> From: "Marshall, Helen" <firstname.lastname@example.org>
> Date: Fri, 24 May 1996 10:32:59 GMT
> Neural nets can be constructed physically but are often simulations
> because what is important is that they do what we do, not do it in the
> same way we do it.
Two issues conflated here: (1) nets need not be like real neurons;
(2) nets can be simulated by symbol systems. But, yes, it is important,
eventually, that our models do it the same way we do it; for now,
though, the models can do so little, it makes more sense to scale up
their capacities to a closer approximation of our own than to worry
about whether they are brainlike. In the end, doing it all (the Turing
Test) may be enough of a constraint to rule out anything but the way our
brains actually do it. If not, there's probably no way to know whether
the difference matters.
> However, for nets to give a realistic impression of
> what we do they should have similarities with the brain because our
> cognitions occur in our brains.
Sounds like you are now disagreeing with what you said earlier.
> Nets are like the brain in several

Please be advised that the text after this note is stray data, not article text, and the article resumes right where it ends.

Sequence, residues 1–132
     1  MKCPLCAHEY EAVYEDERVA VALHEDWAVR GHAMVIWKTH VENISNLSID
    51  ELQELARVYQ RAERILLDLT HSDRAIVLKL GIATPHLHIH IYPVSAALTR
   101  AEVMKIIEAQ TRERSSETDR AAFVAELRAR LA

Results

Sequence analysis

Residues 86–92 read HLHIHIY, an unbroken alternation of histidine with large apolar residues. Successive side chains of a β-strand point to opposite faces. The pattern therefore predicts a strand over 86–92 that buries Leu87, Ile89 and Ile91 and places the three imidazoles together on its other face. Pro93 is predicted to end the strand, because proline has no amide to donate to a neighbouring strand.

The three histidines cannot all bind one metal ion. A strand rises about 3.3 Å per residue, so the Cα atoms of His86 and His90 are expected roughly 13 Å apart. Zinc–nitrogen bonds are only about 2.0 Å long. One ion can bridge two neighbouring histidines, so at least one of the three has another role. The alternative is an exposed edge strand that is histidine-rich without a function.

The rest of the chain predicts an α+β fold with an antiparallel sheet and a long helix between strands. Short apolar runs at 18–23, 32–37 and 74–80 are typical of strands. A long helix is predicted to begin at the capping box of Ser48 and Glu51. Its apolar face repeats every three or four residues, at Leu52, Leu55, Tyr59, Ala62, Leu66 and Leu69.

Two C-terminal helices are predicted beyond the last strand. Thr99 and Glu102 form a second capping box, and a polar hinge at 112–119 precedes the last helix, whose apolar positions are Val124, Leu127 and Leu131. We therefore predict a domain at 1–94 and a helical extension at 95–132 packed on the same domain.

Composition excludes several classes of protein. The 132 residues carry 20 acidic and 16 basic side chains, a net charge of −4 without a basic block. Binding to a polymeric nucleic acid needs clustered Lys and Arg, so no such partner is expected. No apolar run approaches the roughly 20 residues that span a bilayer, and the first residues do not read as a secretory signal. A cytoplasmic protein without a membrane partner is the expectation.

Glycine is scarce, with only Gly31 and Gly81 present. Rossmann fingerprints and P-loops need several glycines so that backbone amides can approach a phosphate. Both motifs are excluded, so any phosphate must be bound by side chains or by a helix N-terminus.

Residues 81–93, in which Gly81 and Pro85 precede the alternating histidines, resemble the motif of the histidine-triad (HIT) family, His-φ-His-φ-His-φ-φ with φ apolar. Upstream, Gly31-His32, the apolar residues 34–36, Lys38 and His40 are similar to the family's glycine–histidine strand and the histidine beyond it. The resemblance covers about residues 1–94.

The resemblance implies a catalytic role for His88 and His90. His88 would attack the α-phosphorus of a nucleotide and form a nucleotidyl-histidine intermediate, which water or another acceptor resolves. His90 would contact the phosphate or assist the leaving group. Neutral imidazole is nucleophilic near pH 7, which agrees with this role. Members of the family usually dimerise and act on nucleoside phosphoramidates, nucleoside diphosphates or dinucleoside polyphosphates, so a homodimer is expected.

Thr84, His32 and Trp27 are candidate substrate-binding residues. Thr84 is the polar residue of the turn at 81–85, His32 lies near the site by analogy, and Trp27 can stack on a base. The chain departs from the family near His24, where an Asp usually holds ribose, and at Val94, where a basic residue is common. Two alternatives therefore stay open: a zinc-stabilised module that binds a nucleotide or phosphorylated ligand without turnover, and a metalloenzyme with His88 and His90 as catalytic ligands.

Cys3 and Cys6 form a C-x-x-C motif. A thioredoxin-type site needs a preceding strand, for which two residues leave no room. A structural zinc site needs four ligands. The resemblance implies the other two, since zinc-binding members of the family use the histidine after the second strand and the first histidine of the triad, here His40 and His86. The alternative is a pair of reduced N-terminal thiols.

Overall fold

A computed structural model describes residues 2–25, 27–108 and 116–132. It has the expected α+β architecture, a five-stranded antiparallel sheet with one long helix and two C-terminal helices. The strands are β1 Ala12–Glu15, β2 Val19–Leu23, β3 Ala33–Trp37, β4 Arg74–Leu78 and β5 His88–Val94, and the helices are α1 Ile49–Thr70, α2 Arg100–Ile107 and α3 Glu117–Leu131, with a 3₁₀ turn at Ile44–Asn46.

> ways, for example, both have interconnected units - in the brain these
> are neurons which send messages across a synapse and in nets these are
> connecting nodes; both have positive and negative connections which
> means that the neurons/nodes can have either excitatory or inhibitory
> effects on surrounding ones.
Most nets only have one kind, though.
> Both nodes and neurons pass activity to
> each other. The brain does this through action potentials and nets do
> it via a transfer function which means spreading activation, i.e. when
> one node is activated it brings those it is connected to into a similar
> state of activation. This process is called propogation. Also, like the
> brain, the connections in nets can become weaker or stronger and can be
> coded locally or in a distributed way. A final similarity between nets
> and the brain is they both have the ability to learn new things.
> However, there is evidence of differences between the brain and nets.
> For example, nets are arranged in layers but the brain is not
We don't know whether there are "layers" of "hidden unit" in the brain,
in the neural-net sense; but there are certainly plenty of
interneurones, neither sensory nor motor, i.e., neither "input-layer"
> and they
> are very different in terms of biology.
What does that mean (to kid-sib)?
> Also, nets are not efficient at
> logical reasoning or language whereas the brain can cope with these
> well. Nets are similar to the brain in some respects but not others so
> perhaps as we learn more we can develop them so that they can do more
> of the things we do.
Not bad. For a higher mark, sort out the conflated issues, and relate to
the bigger questions, about computation, cognition, and categorisation,
as well as reverse engineering.
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